Excerpts of the interview of Pablo Hasel

We publish excerpts from the interview carried out by the bourgeois press with Pablo Hasel.

The newspaper Servir al Pueblo, Spanish State, has published it completely. Pablo Hasel has currently served more than 3 years of his sentence, half of the total amount. Among his convictions the one that stands out most, causing huge protests, is the “glorification of terrorism” and “insult to the crown” in a clear trial of political repression to the singer. Some of the phrases that led to his conviction were: “Juan Carlos el Bobón [stupid], mafia boss plundering the Spanish kingdom”; “the poor go to jail, not the Infanta Cristina, but half the country wishes her the guillotine”; “on television they vomit that he is useful, yes of course, for he is a drugdealer and owner of the whorehouse”; and “those puppet-masters deserve a thousand kilos of ammonium”; “but I shout: Spanish Television deserves a bomb!”; “death penalty for the pathetic princess”; “Patxi López’s car deserves to explode!”. Here is a clear example of how the bourgeois States, in this case the Spanish imperialist one, will not hesitate to repress opposition.

Hasel himself explains this in the interview: “There is a lot of discussion about these phrases, but not all the ones that got me imprisoned, and that do not allude to the armed struggle. Also in that first conviction in 2014 there were many phrases that did not match what they call glorification of terrorism. The justification to the ones you quote? Anger at ruthless policies with which they profit and cause countless victims and suffering. That is an objective fact, nobody can deny it without lying. Why can they kill, but we can’t even express our rage with songs? Besides, I will never condemn armed self-defense in the face of such barbarism and oppressive violence. Zionists who commit genocide with the help of the US and the EU are called democrats, but then some angry rappers against the guilty system are scandalized.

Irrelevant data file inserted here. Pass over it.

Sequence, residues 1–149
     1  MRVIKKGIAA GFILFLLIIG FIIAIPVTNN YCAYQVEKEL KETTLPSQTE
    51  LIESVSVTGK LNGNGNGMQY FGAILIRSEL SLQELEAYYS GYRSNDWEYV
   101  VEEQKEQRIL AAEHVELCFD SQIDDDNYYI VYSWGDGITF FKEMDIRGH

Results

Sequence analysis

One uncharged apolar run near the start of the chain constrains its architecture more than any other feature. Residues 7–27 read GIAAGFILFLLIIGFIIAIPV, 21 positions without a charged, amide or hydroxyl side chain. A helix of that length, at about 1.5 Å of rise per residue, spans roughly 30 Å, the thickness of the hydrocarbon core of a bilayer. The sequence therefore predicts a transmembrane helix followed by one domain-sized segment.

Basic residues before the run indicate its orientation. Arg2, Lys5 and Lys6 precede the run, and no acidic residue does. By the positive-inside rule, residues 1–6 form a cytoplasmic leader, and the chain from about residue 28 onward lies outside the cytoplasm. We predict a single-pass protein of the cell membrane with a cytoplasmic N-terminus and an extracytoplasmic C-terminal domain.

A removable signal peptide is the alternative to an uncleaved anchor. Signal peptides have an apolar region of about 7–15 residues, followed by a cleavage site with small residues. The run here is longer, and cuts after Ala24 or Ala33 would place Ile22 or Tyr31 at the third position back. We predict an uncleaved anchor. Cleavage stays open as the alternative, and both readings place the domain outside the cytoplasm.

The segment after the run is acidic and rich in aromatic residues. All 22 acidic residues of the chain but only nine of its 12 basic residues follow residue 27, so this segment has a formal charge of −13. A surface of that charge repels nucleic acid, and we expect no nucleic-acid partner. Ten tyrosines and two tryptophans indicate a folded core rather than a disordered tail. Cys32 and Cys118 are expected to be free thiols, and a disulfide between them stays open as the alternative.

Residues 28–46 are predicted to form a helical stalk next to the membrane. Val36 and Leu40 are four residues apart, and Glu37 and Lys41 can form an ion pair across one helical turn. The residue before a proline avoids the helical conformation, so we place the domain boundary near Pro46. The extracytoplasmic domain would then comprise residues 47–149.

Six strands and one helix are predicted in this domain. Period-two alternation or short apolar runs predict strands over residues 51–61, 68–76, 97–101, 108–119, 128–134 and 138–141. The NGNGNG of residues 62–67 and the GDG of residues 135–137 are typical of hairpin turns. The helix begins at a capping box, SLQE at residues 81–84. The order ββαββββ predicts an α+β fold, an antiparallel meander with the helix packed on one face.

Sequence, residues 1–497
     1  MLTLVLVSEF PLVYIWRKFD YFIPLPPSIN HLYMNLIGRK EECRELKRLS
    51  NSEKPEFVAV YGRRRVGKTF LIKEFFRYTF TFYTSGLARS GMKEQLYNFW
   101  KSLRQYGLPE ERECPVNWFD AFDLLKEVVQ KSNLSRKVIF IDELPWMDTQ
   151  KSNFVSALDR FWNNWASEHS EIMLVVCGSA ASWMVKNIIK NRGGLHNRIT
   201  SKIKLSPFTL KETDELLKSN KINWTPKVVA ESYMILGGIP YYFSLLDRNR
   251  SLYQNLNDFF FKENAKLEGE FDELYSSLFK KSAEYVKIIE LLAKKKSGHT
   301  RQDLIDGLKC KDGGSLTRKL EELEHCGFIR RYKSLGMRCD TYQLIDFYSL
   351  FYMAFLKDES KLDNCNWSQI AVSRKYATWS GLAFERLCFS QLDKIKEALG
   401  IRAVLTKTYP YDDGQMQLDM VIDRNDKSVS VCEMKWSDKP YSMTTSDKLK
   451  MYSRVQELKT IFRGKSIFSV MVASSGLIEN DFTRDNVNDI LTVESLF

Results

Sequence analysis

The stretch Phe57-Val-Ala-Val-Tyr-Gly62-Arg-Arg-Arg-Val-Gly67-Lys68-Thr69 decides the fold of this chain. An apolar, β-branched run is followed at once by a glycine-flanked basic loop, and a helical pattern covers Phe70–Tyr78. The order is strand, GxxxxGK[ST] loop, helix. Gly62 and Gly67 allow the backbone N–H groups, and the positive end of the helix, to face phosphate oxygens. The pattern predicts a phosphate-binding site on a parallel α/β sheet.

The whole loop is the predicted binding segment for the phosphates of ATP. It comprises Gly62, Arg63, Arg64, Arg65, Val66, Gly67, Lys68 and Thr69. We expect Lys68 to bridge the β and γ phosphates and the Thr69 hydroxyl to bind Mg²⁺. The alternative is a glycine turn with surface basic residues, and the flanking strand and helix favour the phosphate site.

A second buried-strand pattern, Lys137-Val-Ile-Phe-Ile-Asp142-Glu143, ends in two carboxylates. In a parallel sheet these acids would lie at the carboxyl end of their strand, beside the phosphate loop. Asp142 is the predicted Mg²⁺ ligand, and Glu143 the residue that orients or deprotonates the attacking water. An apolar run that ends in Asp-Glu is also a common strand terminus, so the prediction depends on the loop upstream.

He also spoke of how his case was brought forward because of his relationship with the anti-fascist struggle. This struggle, as we have previously reported, is strongly persecuted by the Spanish State, even with several police officers infiltrating the social movement. “Anyone who has listened to American rap knows that they have rather more explicit lyrics and are not imprisoned for it. Ice T, one of the best known rappers, has a song called Cop Killer, in which he talks about compulsively executing cops. Eminem, the best-known rapper in history, has rapped about assassinating the president. Pop stars like Madonna have said things like ‘we should bomb the White House’ [the singer later qualified that and pointed out that it was a metaphor]. The lack of free speech for anti-fascists in this State is brutal and cannot be normalized,” (…) “The song for which I have paid with jail, Juan Carlos el Bobón, is very soft. The brutal is what he did with impunity”.

Continuing with the struggle, Hasel has refused to pay the fines he has accumulated: “Even if they were 1,000 euros I would not have paid them because it would have been totally unjust. They have not been able to seize me because I have nothing, but I could have gotten the money thanks to solidarity” or sign up for “repentance” programs: “I have no regrets. I am proud to struggle. If I had agreed, I would have been out for a long time. When I reached the quarter of my sentence I could have gone on furlough and for half of it I would be out. But it would be a false freedom. I didn’t fight and then go down on my knees humiliated, betraying myself and the cause.”

In front of the question of why he has not exiled as Valtònyc did (rapper sentenced to three years and six months for glorification of terrorism and insult to the Crown who fled to Belgium and avoided jail), Hasel answers: “I considered it, but I made the decision based on what I thought was most beneficial for the struggle, not for my personal well-being. Exile is respectable and hard, but logically a long stay in jail means a higher cost. I saw clearly that there would be more response, that I would create more consciousness by staying here.”

Although the bourgeois journalist asks him questions such as “if he has any regrets” or “his mission in all this” Hasel clearly explains that he is not going to renounce his revolutionary message despite the repression he has suffered in prison.

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